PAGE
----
Observability is much more than just tracking a request throughout your environment. It is also about metrics and processing logs. In this blog, I’m concentrating on request tracing.
Out of the box
The Java implementation of OTel provides integration with Jakarta REST out of the box through a Java Agent. You can find all the supported frameworks and libraries on this page. Some of them require a specific dependency, other frameworks, like JAX-RS require only the Java agent itself.
Personally, I’m not a fan of Java agents. It allows of course to add functionality to your project without the need to change anything in your project. But I don’t like fiddling with the command line to add the Java agent and large sections to define the configuration. And in most cases, you will require the OpenTelemetry API in your application anyway as you want to interact with the system and define for example which CDI methods you like to be included in the trace.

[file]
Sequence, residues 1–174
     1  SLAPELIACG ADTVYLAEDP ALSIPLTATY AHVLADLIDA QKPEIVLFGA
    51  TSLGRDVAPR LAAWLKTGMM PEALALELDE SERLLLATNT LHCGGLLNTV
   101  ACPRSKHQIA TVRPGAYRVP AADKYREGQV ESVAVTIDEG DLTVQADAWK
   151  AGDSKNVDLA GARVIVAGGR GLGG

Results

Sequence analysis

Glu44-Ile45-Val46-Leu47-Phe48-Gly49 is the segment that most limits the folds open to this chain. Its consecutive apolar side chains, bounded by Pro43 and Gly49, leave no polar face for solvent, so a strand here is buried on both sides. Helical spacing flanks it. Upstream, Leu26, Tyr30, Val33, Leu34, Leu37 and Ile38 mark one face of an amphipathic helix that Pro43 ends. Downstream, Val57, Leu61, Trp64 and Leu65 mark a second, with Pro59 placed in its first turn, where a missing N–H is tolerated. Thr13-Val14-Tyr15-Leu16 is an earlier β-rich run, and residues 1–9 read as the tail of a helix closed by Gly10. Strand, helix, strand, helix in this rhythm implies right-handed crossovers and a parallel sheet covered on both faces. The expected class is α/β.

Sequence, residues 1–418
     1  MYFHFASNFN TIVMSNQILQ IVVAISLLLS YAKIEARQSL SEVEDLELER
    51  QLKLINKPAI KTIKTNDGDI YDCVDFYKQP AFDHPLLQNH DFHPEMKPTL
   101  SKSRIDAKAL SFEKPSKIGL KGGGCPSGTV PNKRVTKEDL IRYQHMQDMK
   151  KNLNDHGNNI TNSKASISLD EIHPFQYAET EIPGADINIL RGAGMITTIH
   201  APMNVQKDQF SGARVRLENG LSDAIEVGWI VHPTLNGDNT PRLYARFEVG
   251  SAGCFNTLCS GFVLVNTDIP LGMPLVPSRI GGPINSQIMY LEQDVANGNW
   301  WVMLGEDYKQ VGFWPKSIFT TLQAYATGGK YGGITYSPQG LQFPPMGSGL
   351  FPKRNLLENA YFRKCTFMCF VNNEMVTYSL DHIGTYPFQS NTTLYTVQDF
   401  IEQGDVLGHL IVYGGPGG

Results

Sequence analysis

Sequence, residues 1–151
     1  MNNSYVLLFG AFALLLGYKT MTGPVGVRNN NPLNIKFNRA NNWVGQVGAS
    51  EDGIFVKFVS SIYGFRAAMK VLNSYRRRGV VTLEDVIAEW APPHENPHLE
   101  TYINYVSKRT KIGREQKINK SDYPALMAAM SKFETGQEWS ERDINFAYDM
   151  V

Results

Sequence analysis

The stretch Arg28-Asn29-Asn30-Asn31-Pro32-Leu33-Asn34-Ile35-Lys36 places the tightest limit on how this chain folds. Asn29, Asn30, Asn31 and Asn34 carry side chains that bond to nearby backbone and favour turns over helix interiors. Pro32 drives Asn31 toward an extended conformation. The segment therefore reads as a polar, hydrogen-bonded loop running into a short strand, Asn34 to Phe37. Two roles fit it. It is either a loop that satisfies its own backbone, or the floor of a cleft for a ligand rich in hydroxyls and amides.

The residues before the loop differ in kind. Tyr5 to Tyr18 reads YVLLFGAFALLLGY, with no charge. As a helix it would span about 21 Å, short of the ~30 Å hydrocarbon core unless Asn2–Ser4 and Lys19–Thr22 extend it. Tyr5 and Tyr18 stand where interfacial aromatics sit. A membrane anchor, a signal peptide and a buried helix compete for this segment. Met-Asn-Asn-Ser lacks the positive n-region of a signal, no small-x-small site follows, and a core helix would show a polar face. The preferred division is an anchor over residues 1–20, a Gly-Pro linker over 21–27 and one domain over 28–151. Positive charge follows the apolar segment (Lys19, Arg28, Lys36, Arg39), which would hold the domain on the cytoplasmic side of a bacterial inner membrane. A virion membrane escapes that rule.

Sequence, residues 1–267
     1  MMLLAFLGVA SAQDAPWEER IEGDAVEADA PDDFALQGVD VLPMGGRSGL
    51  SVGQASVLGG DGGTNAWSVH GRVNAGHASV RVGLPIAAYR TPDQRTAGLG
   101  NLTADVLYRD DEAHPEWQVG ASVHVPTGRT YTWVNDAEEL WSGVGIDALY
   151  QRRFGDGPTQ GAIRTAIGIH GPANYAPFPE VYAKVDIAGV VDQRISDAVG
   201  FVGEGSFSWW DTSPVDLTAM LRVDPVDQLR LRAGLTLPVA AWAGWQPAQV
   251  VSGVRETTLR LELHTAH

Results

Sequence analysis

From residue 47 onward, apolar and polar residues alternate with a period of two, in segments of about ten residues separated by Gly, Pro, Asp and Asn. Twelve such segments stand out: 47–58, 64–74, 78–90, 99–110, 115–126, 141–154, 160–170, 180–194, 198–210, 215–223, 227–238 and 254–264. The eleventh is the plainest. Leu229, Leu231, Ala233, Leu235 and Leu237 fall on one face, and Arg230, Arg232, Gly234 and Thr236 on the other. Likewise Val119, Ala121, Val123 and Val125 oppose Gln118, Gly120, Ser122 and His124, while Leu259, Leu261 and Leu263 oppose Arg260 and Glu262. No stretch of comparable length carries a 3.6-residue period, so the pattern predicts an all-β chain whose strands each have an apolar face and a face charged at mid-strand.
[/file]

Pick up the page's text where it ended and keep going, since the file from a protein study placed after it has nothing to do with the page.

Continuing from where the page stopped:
But also integrating the OTel functionality in the application yourself is very straightforward. As an example, I created an integration of the OpenTelemetry Java API for Jakarta EE 10 with the following features.
- Traces the JAX-RS requests that are processed.
- Starts a new Tracing or starts a new child span if the header indicates that tracing is already in progress.
- You can include information about CDI method calls by using an annotation on the method.
- A Filter for JAX-RS clients is available to propagate the OpenTelemetry information on the header
- Automatically registers this filter when you have a MicroProfile Rest Client available.
And all this with around 10 classes.
What do you need to do?
If you are interested in creating this integration for your project yourself, have a look at the GitHub repository. It should give you all the information needed to create a specific integration yourself very rapidly.
If you want to use my version in your Jakarta EE 10 project, follow the following steps.
- Add the maven artefact to your project
- Define the name of your service, and how it shows up in the OpenTelemetry collector, through a MicroProfile Config source with the key